SO, we are in Charity Week - I wonder what the word charity means to you?
You are probably thinking about a typical non-governmental, non-profit organisation which provides support to those in need - often the poor, the sick and the homeless, either at home or abroad. You might think of specific charities such as Barnardo’s, Save the Children, RSPCA - the list goes on. In the UK at the last count there are about 166,000 charities.
The original meaning of charity comes from the Latin - caritas or carus – dear or beloved. In the short piece of music you have just heard, the French composer Duruflé sets music to the Latin words ‘Ubi caritas et amor, deus ibi est’ ‘Where charity and love prevail, God is there’
As St Paul says in his letter to the Corinthians in the King James Bible:"Charity suffereth long, and is kind; charity envieth not; charity thinketh no evil, but rejoiceth in the truth; Beareth all things, believeth all things, hopeth all things, endureth all things. And now abideth faith, hope, charity, these three; but the greatest of these is charity."
In a modern translation of the Bible of course the word charity is translated as 'love'. So over the ages charity has come to mean in a Christian sense love for someone else. It's no surprise that St Paul’s letter is a staple of many marriage services.
So charity implies selflessness, a concern for others, sympathy with the plight of others - and therefore we can now see how the word charity has come to mean the act of donating to helping those in most need.
Now as we approach Charity Week I’d like you to consider a particular thought experiment by the philosopher and moralist Peter Singer.
Scenario 1: Imagine you walked past a pond and saw a young child struggling in the water. What would you do - walk on by? No of course you would do what you can to help. You would most probably wade out to the child and rescue him. This is charity in its simplest form - the immediate help for another - a selfless act of love for another human life. Would the fact that you would ruin that new pair of £100 trainers you had just bought influence your thinking - of course not. You’d dive in – you’ve haven’t the time to worry about trainers.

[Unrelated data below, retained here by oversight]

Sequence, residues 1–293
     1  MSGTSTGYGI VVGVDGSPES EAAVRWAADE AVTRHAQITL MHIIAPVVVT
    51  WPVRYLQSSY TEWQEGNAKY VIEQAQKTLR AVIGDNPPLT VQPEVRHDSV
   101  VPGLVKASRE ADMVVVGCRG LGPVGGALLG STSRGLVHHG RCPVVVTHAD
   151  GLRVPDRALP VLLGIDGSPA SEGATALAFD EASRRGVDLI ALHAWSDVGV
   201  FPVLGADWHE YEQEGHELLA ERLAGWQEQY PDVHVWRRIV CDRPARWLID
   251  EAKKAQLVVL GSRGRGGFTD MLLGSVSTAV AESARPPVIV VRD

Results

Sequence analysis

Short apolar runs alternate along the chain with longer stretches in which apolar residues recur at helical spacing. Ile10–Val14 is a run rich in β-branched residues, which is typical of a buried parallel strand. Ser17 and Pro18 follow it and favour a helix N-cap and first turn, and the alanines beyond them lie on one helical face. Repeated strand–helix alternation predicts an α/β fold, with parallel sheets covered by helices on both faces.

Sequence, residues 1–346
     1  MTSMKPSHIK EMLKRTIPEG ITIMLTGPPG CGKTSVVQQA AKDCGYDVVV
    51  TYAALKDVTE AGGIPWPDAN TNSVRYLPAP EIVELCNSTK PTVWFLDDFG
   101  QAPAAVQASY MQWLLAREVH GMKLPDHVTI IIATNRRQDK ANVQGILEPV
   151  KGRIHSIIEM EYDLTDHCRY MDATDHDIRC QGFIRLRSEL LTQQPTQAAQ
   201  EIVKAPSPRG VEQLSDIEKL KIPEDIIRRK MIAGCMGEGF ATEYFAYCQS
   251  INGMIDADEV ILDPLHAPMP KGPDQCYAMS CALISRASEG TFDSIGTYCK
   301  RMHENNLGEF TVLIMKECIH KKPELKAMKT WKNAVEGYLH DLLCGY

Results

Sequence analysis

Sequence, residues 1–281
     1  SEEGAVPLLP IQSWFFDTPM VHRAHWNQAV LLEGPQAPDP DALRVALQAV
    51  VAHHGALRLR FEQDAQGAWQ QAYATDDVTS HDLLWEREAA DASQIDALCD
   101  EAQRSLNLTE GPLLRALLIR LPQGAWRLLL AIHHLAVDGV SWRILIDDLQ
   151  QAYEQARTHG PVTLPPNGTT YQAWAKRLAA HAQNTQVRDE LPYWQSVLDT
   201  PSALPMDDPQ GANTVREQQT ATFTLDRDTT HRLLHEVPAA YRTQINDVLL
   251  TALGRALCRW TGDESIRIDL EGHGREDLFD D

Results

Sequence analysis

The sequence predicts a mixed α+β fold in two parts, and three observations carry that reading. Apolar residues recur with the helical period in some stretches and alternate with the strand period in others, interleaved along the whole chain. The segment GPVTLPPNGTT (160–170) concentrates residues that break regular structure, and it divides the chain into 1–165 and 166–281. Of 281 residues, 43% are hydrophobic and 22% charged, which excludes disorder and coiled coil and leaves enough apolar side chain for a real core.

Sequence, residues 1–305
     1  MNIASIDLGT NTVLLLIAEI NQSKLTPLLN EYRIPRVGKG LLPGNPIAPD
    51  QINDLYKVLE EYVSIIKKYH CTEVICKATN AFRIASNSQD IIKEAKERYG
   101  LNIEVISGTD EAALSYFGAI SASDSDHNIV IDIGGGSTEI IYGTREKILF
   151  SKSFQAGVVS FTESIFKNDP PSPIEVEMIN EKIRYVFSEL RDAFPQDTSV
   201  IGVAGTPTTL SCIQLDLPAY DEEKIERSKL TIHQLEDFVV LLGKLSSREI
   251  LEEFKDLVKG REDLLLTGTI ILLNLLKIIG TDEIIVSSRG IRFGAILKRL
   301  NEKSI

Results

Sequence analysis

Ok now scenario 2 - you are out walking one day and hear the cries of a child drowning in a pond 100 meters away. What would you do- naturally you would run and investigate, jump into the water and save the child - of course- who wouldn’t?? Again, who cares about that £100 pair of trainers.
So what is the difference between scenario 1 and scenario 2? Nothing other than 100 metres - your actions would be the same.
So let’s take another scenario 3: Suppose if you knew that £5 of your money could be spent on providing clean water to save a child’s life from a life-threatening disease in a country on the other side of the world - what would you do?
Now the case is different. Maybe you would donate, maybe you wouldn’t and in fact a lot of people don’t. Why - because the emotional connection (and let’s face it love must be based on an emotional connection if nothing else!) is harder.